No.

So once again, we have the Silverlight is dead debate raging on with developers writing open letters in blood (metaphorically) as if their reason for living walked out on them with someone else leaving them with nothing but the darkness of night with only the moon as their hope of (silver)light. Poetic much? Anyway, I have written in the past about Silverlight being Microsoft’s next generation proprietary development platform and I still believe it is.

The reason why we’re having this discussion is because Steven Sinofsky did not mention Silverlight or WPF instead said HTML5 and JavaScript will be the platforms of choice for the rich Windows 8 apps. To be clear, he was referring to the tablet interface. If only the pundits understood that Windows 8 will have two UIs, web crawlers would’ve had less crap to scan. Back to Silverlight, in my opinion this was Microsoft’s way of telling the new college grads that using those snazzy new tools for HTML5 and JS you can still create apps for Windows. It goes beyond that, by highlighting HTML5/JS for Windows 8, Microsoft is piggybacking on Steve Jobs’ open rhetoric at the same time they are able to pull of a brilliant PR stunt saving Internet Explorer from some of the bad reputation.

With IE not in the discussions, web developers will be interested in coming up with projects for Windows 8 which in turn (and hopefully) will work well on Internet Explorer too. Google and Mozilla have been talking about HTML5, now suddenly, the apps for browsers are apps for the OS. This even bites the sting out of Chrome OS since Windows 8 for tablet can switch between this web world and traditional Windows!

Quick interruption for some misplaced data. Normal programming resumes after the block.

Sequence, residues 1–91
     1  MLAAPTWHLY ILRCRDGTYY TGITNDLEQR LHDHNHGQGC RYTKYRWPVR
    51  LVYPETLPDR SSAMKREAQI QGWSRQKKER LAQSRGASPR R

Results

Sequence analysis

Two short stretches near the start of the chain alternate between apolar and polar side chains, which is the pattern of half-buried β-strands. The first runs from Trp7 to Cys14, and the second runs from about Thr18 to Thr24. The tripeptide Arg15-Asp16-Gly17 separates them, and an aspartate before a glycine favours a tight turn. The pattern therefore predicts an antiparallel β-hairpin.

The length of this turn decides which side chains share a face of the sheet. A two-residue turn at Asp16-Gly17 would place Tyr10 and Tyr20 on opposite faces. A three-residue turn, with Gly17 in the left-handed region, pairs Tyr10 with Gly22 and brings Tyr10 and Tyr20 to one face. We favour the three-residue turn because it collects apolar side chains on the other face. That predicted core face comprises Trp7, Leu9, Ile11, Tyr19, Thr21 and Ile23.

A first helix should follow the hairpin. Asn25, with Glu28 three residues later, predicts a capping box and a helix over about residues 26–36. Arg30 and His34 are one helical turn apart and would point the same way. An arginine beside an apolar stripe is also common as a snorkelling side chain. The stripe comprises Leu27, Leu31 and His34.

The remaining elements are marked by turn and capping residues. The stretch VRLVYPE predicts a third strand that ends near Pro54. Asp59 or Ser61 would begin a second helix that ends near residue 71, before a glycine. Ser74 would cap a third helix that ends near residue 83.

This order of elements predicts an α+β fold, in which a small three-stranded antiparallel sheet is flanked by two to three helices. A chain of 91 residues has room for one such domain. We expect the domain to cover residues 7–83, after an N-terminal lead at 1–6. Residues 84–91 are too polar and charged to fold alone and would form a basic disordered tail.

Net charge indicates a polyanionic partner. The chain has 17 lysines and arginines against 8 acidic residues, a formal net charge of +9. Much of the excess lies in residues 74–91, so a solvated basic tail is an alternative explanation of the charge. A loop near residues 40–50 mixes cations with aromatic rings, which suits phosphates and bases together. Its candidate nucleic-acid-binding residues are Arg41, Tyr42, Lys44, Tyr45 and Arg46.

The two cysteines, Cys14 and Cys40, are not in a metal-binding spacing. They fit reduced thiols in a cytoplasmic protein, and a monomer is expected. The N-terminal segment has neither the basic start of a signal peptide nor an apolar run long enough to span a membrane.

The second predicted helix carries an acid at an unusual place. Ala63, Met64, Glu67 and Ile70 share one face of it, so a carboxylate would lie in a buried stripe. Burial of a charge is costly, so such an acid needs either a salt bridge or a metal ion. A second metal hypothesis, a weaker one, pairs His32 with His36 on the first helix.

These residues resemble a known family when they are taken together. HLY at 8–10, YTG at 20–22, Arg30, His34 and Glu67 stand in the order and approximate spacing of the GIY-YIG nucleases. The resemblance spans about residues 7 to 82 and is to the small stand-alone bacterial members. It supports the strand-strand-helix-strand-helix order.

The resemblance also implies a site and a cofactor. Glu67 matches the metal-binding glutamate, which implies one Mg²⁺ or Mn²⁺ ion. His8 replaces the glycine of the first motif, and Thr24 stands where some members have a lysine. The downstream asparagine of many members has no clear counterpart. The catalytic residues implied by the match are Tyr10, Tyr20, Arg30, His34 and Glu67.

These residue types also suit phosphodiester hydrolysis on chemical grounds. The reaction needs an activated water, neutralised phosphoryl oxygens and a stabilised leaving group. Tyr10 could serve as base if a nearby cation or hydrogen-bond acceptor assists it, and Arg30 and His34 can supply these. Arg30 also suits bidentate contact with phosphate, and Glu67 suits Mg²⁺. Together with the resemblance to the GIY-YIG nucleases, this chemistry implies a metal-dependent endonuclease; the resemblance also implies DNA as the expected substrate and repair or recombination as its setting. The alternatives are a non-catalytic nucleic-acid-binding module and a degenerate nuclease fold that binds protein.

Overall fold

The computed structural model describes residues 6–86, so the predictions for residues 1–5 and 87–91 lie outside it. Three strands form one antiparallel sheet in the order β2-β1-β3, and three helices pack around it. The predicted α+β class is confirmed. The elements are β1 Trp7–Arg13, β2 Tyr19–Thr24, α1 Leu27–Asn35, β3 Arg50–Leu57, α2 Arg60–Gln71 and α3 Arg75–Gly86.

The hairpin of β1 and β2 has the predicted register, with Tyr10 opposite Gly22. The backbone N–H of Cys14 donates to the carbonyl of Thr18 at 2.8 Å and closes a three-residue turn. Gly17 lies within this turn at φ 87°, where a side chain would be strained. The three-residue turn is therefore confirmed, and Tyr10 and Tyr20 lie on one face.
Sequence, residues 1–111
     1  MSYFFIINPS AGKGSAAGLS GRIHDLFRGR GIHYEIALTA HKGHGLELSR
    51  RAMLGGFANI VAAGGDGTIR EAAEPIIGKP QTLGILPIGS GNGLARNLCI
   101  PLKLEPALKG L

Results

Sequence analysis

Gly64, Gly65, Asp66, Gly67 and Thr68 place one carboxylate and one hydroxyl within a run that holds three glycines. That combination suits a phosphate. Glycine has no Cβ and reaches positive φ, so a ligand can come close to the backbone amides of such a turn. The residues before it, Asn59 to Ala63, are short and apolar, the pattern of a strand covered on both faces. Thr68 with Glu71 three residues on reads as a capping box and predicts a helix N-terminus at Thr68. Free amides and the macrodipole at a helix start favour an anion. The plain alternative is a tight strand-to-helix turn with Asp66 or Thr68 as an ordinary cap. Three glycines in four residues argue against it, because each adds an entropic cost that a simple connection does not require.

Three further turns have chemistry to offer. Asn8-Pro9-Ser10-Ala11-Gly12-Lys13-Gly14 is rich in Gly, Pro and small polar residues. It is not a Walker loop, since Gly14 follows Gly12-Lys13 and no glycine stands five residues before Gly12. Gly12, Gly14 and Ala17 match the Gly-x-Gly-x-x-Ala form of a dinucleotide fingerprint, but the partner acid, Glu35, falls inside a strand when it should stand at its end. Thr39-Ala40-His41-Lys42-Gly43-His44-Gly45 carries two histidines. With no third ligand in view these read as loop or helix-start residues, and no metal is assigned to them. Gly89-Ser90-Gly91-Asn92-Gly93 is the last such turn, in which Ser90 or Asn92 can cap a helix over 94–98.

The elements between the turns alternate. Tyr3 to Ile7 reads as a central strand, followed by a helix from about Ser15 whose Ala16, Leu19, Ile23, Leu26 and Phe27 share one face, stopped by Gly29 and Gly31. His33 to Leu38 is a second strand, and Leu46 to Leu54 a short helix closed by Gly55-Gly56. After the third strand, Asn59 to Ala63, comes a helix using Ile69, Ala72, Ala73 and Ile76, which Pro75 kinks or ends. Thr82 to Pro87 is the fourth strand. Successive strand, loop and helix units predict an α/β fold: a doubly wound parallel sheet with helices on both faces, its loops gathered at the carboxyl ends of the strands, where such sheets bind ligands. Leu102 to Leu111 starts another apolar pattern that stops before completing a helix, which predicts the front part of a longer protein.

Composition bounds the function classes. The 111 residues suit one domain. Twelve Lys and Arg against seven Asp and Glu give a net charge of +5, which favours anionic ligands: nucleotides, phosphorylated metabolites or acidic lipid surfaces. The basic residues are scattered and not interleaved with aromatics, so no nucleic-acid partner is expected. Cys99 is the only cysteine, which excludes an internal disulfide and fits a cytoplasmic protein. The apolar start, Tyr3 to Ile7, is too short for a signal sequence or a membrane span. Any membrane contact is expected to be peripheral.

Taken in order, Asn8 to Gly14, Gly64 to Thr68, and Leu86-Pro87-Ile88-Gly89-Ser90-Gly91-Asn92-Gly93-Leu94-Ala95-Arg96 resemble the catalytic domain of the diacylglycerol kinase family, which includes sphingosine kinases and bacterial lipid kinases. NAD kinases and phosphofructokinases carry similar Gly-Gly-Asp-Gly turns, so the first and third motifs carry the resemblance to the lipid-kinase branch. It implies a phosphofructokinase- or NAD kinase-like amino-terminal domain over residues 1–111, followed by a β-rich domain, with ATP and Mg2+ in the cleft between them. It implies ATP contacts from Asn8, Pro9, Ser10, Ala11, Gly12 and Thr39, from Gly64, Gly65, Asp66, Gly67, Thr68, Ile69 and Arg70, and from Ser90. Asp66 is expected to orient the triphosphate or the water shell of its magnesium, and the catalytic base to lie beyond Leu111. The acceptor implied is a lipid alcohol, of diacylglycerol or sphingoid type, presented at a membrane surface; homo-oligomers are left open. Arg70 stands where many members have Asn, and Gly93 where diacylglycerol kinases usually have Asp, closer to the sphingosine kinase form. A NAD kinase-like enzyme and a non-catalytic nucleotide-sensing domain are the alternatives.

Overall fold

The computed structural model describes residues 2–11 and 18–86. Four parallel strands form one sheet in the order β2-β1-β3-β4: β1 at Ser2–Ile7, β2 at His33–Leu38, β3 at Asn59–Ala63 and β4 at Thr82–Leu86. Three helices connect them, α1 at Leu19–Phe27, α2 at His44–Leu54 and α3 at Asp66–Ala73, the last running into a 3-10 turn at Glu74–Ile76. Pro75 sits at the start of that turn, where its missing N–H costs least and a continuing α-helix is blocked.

The All Things D and Computex demos were targeted towards tablets, now if Microsoft were to start their come-back with words like Silverlight that most of the cynical pundits believe is still a Flash competing browser plugin, Microsoft would’ve been trashed. What now is restricted  to, “Oh Windows is doomed since it has Windows” would’ve been more about how unpopular Silverlight is and how Microsoft is dead for considering a dead browser plugin; not that they aren’t claiming the death of Microsoft even now, but you get the point. So, all in all, Silverlight isn’t going anywhere even if Scott Gutherie has. Silverlight has matured into a platform and it was time for Microsoft to focus on the third Windows – Azure.

I’d suggest, sit back and relax. In the grand scheme of things I don’t see Microsoft dumping Silverlight. They want to get the new in-vogue web devs onto IE & Windows, which they certainly did by catching everyone’s attention.

Update: Mary Jo has some good insight on the topic.